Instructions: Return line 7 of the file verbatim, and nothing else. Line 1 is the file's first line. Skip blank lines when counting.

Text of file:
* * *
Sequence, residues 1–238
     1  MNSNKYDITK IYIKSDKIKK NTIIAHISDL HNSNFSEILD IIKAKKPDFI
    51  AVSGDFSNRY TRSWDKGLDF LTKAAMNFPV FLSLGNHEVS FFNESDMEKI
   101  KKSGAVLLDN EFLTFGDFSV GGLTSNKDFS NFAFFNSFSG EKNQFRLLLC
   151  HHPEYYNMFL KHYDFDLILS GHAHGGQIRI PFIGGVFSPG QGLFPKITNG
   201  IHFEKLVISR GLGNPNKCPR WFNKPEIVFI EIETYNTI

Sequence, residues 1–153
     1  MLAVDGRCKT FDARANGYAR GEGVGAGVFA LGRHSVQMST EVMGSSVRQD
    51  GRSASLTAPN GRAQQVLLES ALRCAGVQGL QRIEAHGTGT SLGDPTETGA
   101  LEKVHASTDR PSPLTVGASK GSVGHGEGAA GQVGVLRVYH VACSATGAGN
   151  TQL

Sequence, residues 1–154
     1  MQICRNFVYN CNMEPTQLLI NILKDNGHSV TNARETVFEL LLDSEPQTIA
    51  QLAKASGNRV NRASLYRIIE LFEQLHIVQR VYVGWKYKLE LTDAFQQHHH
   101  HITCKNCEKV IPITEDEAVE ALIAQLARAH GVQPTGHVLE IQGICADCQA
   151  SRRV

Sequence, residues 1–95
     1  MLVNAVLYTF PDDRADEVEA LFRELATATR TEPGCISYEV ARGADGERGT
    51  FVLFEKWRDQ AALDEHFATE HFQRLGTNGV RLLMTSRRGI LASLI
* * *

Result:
Sequence, residues 1–153